I never aspired to be a freelance writer or solopreneur. To me, the thought of going solo was risky... and scary! I needed predictability in my career path. I grew up with the notion that safety meant securing a cushy corporate job and receiving a paycheck at the end of every month. Ultimately, fate had other plans for me. Ten years down the line, I experienced an awakening that would involuntarily propel me into the world of solopreneurship — and the change I didn't know I desperately needed.
If you're on the fence about whether or not you should go solo, know that I wrote this piece for you. Here are 6 vitally important lessons from my own journey that I hope will give you a loving little push into taking your own plunge into solopreneurship.
I used to believe that the prestige of your title and the company you worked for were the best measure of your success. I had a lot of achievements and my climb up the corporate ladder seemed to be working as the names on my CV got more and more prestigious (Estée Lauder, Financial Times, Porsche). But over time, in my bid to remain in sync with corporate culture, my 12–14 hour workdays were taking a toll on my health, wellbeing and mindset. Every other month I was at the doctor with stomach issues and other stress-related symptoms. I knew I needed a drastic lifestyle change.
Since going solo, I’ve come to realize that being able to work from anywhere is, of course, awesome. But my biggest win is that I get to choose my clients and the projects. You don’t have this luxury when you work for a company or agency. Taking charge of how I work and who I work with has had the biggest impact on my health and wellbeing. I no longer get the Sunday blues — instead, I'm excited about the week and projects ahead!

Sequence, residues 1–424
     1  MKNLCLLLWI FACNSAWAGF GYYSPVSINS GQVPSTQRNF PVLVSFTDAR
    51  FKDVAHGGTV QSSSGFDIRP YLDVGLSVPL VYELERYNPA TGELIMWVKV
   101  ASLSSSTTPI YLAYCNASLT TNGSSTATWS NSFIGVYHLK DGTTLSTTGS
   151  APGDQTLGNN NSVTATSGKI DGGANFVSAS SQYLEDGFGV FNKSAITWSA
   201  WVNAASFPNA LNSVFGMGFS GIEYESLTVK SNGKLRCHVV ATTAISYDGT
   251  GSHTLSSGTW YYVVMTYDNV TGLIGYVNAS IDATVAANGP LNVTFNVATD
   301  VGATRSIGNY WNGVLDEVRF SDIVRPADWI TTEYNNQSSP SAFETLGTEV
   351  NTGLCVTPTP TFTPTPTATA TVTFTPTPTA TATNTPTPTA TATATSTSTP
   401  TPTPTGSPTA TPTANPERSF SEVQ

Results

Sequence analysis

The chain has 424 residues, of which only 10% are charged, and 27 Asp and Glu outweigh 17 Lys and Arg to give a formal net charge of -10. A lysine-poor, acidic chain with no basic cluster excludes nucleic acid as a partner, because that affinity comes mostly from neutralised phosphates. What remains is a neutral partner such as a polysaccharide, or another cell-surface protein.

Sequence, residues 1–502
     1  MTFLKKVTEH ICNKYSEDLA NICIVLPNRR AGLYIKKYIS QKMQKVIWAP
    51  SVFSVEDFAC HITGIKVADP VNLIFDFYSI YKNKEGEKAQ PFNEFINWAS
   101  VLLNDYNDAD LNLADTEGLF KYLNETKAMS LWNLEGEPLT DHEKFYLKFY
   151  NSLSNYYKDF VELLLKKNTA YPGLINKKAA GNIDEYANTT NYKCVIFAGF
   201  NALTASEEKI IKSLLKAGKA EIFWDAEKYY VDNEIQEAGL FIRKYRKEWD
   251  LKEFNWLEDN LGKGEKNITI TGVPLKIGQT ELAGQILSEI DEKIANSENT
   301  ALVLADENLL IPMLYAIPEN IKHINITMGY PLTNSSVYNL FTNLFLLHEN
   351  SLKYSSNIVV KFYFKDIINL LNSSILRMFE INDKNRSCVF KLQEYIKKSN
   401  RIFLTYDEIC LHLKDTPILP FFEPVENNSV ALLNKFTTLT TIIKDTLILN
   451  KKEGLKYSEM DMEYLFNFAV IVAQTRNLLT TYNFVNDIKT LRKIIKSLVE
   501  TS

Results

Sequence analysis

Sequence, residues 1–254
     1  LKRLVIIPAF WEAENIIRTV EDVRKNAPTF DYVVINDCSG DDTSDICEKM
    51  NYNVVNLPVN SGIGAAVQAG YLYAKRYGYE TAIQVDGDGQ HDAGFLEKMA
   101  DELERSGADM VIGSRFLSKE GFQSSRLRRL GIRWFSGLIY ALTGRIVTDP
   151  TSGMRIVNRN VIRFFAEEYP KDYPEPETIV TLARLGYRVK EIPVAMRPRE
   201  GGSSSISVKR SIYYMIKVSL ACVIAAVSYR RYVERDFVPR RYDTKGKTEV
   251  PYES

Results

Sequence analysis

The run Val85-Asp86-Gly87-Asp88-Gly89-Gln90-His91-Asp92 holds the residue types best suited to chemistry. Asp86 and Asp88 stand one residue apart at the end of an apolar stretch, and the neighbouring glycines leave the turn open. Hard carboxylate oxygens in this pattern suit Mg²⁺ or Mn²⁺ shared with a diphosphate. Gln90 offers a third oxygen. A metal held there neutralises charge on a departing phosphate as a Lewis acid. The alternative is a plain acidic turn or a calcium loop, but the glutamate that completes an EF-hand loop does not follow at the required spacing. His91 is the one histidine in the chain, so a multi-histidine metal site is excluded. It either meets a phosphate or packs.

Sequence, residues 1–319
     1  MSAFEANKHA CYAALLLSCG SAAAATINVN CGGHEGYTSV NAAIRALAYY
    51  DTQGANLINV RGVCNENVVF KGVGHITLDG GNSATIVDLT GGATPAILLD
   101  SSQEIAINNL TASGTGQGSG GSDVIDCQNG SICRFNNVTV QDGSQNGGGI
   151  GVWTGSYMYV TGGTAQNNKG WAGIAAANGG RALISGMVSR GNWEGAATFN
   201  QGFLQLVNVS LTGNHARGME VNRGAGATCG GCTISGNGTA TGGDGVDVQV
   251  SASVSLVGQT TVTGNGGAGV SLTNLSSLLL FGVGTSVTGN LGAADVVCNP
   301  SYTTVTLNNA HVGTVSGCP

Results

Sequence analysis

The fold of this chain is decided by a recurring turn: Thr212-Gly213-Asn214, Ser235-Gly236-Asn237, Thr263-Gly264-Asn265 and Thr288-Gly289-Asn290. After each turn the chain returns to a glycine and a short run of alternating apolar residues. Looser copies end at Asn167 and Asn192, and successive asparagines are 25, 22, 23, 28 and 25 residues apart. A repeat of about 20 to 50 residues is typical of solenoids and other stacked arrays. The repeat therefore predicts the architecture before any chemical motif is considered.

In 2016, I got the chance to dabble in the world of freelance marketing and writing projects during a sabbatical year spent in Bali. What was great about this opportunity is that it showed me that a lot of my corporate experiences could be transferred to freelance work! It wasn’t completely smooth sailing, as my self-exploration was met with a lot of resistance. Having been surrounded by the ‘protective’ shell of a corporate company, I was suddenly all on my own, exposed — with nothing and no one to hide behind. I would tell myself a string of lies that were usually along these lines:
As a result, I found myself hiding behind online courses and self-development books, trying to equip myself with more knowledge to prove that I was worth hiring. Even though I secured several freelance projects, I could not shake off my imposter syndrome. I still have these insecurities today but experience has taught me that my fear is not going to kill me, nor am I going to be alienated from society for trying to make it on my own. We are far more skilled than we give ourselves credit for. And when it comes to criticism, we are our most cruel critics.